Monday, July 7, 2014
Don't pamper me, or: Whaddya mean, it's not Sunday?!?
Clearly, I'm still in vacation mode. A week and a half off work, followed pretty closely by an extra-long weekend, will do that to a person. But tomorrow I'll be going back to the day job, and I'm not sure when I'll be taking my next vacation. So it's Back to Real Life Night here at hearth/myth.
Which segues nicely into a post I've been thinking about writing for some time, i.e.: the problem with America's culture of celebration.
The illustration above, which (if memory serves) originated on The Mind Unleashed's Facebook page, got a number of likes when I reposted it on my own timeline last week. It's a great sentiment, right? It's all about living life to the fullest, enjoying every blessing that comes your way, and so on. Right?
But like anything else, "celebrating everything" can be taken too far. That's how we end up with graduation ceremonies for kindergarteners, and with Bridezillas who expect all their elderly relatives and their friends with little kids to pony up to attend their destination wedding in Zanzibar. It's how we end up with a cake a week at work -- a birthday here, a shower there -- and the accompanying squeeze to contribute toward a gift card for the honoree.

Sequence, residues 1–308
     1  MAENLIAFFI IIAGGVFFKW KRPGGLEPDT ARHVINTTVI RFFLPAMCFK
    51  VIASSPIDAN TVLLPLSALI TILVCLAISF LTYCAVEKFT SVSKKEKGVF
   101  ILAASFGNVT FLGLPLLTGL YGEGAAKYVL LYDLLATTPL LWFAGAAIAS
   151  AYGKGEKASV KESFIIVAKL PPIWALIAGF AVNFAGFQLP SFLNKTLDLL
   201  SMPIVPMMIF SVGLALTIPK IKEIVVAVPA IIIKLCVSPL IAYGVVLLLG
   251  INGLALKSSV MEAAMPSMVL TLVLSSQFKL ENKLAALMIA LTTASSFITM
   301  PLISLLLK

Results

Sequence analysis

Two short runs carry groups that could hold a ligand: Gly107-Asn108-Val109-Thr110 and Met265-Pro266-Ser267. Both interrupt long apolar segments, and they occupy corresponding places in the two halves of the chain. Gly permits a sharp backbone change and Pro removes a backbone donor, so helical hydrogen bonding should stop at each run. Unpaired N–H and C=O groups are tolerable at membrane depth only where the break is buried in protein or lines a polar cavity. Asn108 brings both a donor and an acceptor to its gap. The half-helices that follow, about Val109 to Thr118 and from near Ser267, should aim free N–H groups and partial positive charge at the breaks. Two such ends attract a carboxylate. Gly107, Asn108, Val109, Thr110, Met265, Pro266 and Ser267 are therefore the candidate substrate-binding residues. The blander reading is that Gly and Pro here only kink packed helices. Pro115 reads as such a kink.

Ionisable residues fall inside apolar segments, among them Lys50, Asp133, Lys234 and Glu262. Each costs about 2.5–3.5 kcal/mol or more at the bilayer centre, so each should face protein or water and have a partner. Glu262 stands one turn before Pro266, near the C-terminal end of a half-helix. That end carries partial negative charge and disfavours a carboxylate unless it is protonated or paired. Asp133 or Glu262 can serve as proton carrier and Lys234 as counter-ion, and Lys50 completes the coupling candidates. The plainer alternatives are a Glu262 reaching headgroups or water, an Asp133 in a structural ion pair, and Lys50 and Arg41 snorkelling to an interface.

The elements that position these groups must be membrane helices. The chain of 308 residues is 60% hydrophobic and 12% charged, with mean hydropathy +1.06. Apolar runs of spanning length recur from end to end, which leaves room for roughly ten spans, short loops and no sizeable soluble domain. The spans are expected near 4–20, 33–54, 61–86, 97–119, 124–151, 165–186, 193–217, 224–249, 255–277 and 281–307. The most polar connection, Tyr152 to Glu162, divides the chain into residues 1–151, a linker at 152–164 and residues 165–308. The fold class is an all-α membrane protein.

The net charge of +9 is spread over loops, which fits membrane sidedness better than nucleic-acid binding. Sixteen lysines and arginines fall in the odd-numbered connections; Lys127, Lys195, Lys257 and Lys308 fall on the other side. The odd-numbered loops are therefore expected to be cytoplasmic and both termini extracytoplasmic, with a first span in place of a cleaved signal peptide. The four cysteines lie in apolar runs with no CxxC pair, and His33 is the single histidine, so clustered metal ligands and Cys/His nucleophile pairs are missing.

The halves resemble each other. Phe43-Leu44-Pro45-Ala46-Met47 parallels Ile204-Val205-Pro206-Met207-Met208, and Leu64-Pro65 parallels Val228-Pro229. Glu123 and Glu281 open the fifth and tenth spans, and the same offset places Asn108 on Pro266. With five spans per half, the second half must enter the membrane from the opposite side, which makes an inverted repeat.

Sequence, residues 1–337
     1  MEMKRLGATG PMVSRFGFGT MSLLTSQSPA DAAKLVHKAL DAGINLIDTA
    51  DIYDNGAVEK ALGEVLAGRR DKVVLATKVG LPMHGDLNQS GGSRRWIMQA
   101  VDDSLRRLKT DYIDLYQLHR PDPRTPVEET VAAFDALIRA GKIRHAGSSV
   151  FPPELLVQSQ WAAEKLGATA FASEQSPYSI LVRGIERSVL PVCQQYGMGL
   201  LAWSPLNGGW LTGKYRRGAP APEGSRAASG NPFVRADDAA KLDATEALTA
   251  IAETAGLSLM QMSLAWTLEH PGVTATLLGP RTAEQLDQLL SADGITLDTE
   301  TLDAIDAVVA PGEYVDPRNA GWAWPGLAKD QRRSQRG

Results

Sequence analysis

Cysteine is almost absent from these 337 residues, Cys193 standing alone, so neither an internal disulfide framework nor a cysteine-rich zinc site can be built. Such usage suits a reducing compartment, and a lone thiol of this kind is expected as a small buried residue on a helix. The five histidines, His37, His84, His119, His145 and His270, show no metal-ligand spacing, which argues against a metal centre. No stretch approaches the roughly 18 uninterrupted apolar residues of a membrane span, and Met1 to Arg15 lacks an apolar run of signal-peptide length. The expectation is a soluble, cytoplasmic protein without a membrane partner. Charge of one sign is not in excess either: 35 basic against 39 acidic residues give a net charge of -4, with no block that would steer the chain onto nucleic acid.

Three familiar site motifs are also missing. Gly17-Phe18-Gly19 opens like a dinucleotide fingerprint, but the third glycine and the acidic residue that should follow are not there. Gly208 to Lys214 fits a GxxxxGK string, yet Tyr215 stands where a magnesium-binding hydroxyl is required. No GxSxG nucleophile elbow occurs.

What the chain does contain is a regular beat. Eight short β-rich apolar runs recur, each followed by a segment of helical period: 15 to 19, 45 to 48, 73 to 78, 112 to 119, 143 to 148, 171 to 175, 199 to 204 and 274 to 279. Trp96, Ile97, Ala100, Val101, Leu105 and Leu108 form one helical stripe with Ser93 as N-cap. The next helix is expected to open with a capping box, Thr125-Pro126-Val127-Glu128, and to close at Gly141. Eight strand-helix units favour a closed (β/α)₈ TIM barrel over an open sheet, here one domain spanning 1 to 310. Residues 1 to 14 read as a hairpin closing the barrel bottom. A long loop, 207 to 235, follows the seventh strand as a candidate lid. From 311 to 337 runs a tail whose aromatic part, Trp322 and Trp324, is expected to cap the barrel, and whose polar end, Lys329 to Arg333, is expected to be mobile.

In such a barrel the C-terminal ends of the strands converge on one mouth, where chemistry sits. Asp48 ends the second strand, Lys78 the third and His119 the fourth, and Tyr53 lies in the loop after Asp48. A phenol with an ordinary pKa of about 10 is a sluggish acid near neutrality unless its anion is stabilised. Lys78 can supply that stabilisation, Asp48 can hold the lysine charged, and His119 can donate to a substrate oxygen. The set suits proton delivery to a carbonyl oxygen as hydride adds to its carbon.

Marketers love this, of course. Every special event is an opportunity to convince us to part with some of our cash. Parties need decorations; kids' birthdays need a clown and a moon bounce rental, along with gifts for the birthday boy or girl; and so on. It's tempting to blame the marketers for starting it -- but the truth is that they're just playing into our desire to each have our own special day. We all want to be special, after all. Even the rugged individualists among us sometimes want somebody to fuss over them.
Which brings me to the word "pamper."
I hate that word. Not just because it was the name of a popular disposable diaper when my kids were growing up (although the diapering flashbacks I get when I hear it probably don't help). What really bothers me about it is that I only ever hear it in conjunction with sales of beauty products or services for women. "This product will let you pamper yourself," or "Let us pamper you!" And it's usually followed by, "You deserve it!"
You know. Live a little. Treat yourself. Any time is a good time.
I feel like a curmudgeon for suggesting this, but maybe it's time we ratcheted back some of our celebratory culture. Yes, we all work hard; yes, we deserve to be recognized for a job well done, or a milestone reached. But pampered? Come on.
These moments of curmudgeonly blogginess have been brought to you, as a public service, by Lynne Cantwell.